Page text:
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Instrument has potential to make lasting impression on the global stage

Updated: 2016-05-04 08:13:19

( China Daily )

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[Photo by Feng Yongbin/China Daily]

The erhu and violin don't have much in common, except that both are stringed instruments and are played using a bow. However, for Chinese erhu player Guo Gan, the similarities between the two instruments don't end there. He says that like the violin, the erhu can be enjoyed by audiences worldwide.

Guo, 48, who started playing the erhu as a 4-year-old in Shenyang, an industrial city in Northeast China's Liaoning province, has so far released over 40 albums as a soloist and a band member in a variety of music genres, such as rock, jazz and classical music.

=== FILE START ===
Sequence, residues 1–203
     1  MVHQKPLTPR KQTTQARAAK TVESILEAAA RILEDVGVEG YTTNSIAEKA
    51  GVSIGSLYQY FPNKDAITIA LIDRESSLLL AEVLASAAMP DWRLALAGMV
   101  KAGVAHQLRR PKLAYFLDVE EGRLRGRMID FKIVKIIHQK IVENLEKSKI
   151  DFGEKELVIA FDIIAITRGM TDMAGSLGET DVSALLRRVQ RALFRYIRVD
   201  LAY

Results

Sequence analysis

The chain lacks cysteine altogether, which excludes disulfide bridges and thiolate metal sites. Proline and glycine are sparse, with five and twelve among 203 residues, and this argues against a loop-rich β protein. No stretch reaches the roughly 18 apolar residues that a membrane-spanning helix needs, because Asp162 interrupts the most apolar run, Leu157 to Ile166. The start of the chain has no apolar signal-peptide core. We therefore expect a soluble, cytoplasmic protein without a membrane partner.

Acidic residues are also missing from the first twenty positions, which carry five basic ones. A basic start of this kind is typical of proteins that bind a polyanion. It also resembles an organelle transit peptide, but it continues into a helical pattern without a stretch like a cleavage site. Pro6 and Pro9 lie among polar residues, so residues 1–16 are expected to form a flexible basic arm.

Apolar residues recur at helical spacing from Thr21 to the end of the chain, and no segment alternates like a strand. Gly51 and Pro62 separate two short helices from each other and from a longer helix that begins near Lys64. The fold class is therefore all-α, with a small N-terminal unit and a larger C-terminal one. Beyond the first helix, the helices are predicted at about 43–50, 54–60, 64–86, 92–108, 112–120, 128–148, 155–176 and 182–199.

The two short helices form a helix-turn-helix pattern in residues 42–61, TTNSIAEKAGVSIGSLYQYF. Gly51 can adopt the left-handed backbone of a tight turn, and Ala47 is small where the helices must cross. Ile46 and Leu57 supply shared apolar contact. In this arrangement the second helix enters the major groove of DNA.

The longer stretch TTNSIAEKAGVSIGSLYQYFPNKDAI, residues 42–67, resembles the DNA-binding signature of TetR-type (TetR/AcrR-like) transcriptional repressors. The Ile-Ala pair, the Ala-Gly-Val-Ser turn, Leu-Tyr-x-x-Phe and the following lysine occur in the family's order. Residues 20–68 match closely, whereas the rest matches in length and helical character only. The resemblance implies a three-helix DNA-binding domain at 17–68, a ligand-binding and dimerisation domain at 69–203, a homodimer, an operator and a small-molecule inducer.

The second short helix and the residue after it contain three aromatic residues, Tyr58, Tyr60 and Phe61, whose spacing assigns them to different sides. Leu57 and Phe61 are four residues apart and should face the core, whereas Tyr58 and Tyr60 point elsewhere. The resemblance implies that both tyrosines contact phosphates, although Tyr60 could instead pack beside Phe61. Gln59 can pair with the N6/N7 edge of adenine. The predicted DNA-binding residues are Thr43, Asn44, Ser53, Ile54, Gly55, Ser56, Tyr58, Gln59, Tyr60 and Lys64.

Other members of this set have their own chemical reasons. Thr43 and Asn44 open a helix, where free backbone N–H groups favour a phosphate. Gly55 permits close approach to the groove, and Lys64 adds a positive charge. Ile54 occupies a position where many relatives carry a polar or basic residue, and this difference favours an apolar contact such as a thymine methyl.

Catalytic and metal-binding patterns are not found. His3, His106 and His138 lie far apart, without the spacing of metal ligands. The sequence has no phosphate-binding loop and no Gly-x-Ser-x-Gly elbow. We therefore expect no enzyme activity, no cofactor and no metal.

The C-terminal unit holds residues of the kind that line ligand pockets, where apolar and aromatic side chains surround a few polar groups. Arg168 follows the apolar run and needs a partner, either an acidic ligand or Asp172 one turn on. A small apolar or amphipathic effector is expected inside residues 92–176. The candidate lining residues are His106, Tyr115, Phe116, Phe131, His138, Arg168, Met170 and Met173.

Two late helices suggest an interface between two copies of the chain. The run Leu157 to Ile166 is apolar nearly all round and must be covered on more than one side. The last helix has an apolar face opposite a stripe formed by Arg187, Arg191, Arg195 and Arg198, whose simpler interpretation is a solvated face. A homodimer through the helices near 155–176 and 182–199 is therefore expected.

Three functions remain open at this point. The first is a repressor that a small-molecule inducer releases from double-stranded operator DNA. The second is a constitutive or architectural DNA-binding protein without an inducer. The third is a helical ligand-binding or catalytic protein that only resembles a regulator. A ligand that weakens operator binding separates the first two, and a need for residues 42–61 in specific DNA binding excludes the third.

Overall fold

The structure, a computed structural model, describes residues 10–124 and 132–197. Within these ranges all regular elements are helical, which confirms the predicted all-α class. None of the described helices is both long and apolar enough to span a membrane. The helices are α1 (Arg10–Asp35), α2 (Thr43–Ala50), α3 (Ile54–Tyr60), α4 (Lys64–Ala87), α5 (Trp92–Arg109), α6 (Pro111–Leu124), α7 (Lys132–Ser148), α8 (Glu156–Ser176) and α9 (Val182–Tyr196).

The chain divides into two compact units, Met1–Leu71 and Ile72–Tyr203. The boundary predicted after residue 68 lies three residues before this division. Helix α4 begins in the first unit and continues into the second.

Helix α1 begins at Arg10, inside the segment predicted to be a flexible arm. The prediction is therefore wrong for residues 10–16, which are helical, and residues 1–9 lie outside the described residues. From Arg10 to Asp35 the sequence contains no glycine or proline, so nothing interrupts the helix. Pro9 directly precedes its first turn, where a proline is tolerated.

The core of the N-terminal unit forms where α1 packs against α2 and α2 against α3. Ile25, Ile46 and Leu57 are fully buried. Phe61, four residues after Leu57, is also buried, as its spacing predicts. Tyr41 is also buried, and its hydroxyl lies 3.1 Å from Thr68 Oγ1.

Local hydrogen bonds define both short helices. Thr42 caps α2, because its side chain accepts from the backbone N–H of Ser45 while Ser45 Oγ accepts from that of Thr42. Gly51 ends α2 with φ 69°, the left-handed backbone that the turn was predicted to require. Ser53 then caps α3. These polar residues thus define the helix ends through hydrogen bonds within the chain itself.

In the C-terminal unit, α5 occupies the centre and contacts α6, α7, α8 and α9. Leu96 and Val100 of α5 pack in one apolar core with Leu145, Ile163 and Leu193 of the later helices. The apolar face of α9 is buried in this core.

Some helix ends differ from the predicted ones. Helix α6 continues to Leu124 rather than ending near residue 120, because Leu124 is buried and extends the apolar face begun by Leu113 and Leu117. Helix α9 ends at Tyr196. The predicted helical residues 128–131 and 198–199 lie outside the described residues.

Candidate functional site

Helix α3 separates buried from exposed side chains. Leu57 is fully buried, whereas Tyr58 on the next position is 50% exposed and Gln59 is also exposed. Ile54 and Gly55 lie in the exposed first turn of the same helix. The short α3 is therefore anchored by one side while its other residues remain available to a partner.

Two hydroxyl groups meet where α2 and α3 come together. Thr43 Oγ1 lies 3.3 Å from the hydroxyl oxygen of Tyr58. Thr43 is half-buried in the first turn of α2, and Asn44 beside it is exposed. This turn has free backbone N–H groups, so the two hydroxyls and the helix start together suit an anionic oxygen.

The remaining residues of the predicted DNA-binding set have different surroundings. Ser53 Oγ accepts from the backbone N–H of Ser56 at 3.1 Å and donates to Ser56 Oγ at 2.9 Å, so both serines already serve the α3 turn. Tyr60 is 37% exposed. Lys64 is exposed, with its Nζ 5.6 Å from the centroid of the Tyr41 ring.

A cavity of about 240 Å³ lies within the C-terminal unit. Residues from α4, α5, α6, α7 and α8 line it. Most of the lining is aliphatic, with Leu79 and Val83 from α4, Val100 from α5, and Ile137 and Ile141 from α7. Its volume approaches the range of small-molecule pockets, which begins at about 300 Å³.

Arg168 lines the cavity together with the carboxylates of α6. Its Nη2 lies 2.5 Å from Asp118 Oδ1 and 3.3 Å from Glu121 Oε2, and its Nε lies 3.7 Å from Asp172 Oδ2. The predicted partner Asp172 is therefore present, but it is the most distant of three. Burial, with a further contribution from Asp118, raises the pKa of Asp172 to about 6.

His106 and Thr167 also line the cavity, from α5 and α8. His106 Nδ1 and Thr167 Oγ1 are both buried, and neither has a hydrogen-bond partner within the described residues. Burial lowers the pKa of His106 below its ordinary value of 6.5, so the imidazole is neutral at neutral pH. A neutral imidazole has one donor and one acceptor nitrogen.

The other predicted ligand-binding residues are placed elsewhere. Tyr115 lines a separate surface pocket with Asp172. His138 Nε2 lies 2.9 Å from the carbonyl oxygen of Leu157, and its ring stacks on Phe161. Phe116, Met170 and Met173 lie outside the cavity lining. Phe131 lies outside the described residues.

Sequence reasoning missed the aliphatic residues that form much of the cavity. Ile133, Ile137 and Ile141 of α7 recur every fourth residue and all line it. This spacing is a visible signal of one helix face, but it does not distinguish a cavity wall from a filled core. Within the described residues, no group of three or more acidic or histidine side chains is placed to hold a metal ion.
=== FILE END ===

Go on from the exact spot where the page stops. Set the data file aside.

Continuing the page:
He has also taken the unfamiliar sounds of the ancient Chinese instrument to nearly 2,000 concerts worldwide, working with hundreds of international musicians, including French jazz violinist Didier Lockwood and Chinese pianist Lang Lang.

On April 25, Guo, who moved to Paris in 2000, was named a Knight of the Order of the Arts and Letters by Maurice Gourdault-Montagne, the French ambassador to China.

The honor, which was created in 1957, has been given to other Chinese artists, including actress Zhang Ziyi and film director Feng Xiaogang. It recognizes those who have distinguished themselves through their work in the artistic or literary domain in France and the world.

Trained by his father, Guo Junming (1940-2010), an erhu musician and educator, Guo Gan says that learning to play the erhu is a family tradition.

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